Otis C. Norcross served as the nineteenth Mayor of Boston, Massachusetts, from January 7, 1867 to January 6, 1868 during the Reconstruction era of the United States. Norcross was a candidate (1861) for the Massachusetts State House of Representatives; served as a member of Boston's Board of Aldermen from January 6, 1862 to January 2, 1865; Chairmen of the Board of Aldermen from January 4, 1864 to January 2, 1865; and served as a Trustee of the City Hospital, 1865 & 1866; and a member of the Massachusetts Governor's Council, under Gov. William Claflin (1869).
Benjamin Ruggles Woodbridge was an American physician, lawyer, farmer, and military officer who served as a colonel in the Massachusetts militia during the American Revolutionary War. Woodbridge was a commander at the Battle of Bunker Hill, and also owned a rum still, a wood lot, a grazing meadow, and a mill, and came to be the wealthiest man in South Hadley, Massachusetts. Colonel Woodbridge was also a member of the Massachusetts legislature for many years.
John Robinson was a Massachusetts militia and Continental Army officer from Westford, Massachusetts during the American Revolutionary War. On April 19, 1775, during the Battle of Concord, Robinson was the second highest-ranking officer in the field after Colonel James Barrett. Robinson marched next to Major John Buttrick at the head of the American column which advanced on and defeated the British Regulars at the Old North Bridge that day. Robinson would later fight at the Battle of Bunker Hill, serve under General George Washington during the Siege of Boston and, in 1786, he would take part in the agrarian insurrection known as Shays' Rebellion.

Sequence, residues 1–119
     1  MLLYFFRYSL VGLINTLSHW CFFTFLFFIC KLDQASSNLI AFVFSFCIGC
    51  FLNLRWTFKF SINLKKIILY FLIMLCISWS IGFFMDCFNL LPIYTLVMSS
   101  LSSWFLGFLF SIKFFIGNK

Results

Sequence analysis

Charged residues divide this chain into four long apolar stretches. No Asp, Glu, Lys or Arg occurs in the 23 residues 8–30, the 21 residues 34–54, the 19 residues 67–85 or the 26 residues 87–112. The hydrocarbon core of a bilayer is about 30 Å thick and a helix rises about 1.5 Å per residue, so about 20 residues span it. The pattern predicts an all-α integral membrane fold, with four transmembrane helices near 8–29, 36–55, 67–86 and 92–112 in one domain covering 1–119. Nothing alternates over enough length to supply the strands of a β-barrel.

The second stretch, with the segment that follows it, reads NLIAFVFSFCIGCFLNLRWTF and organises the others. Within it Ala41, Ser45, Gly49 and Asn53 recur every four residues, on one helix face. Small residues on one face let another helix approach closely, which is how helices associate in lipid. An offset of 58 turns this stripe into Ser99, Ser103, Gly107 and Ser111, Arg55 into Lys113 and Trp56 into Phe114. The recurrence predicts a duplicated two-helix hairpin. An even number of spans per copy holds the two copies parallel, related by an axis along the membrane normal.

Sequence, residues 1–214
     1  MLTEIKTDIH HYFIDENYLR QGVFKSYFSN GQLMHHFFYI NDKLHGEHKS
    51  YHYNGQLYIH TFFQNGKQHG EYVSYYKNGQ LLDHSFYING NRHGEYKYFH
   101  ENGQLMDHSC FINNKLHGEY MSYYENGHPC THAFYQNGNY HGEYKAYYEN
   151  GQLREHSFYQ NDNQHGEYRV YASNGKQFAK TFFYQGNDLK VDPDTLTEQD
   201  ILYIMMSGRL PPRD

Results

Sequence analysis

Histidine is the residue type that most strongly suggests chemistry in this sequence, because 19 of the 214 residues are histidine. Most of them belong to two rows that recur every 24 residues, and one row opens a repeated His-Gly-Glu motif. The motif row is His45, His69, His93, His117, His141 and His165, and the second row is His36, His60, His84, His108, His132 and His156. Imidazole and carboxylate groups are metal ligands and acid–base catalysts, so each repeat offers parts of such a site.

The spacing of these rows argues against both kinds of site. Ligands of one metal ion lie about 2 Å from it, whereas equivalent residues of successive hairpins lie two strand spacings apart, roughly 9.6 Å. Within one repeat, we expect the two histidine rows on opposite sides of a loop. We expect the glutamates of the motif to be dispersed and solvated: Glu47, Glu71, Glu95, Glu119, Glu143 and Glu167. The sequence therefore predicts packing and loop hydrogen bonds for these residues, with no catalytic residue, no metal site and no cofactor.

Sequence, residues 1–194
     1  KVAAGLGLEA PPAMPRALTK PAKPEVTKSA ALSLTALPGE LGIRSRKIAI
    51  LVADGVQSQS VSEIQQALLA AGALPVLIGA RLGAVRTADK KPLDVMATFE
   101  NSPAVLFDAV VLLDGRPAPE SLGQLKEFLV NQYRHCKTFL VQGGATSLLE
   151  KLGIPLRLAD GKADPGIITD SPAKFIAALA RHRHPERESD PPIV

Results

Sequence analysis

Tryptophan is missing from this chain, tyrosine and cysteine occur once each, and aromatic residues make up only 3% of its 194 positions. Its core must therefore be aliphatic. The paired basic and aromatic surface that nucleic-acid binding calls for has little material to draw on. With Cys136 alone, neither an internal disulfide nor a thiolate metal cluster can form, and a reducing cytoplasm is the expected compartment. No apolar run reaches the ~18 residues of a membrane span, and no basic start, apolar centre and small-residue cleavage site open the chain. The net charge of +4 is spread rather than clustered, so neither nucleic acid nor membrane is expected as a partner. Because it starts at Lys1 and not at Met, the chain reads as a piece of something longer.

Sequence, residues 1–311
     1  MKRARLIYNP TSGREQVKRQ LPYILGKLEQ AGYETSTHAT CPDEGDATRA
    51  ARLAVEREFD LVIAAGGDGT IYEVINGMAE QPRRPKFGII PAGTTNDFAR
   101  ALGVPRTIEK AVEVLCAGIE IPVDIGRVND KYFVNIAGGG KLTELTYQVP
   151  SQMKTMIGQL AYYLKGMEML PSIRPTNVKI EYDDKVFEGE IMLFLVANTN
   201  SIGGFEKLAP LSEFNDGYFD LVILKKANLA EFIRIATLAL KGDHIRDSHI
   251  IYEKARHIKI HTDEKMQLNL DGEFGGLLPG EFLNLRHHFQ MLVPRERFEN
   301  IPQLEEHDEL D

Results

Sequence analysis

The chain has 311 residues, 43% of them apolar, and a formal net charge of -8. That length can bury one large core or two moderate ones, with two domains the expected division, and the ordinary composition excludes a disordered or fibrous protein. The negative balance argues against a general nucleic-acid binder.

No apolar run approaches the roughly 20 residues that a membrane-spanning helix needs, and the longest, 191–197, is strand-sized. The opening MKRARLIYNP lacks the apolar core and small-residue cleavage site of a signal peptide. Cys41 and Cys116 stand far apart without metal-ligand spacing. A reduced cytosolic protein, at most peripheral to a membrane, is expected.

William Nutt was a colonel in the American Civil War, a representative to the Massachusetts General Court from 1871 to 1872 and again in 1901, he was also the chairman of the board of the Natick Five Cents Savings Bank.
Rev. Samuel Spring (1746–1819) was an early American Revolutionary War chaplain and Congregationalist minister.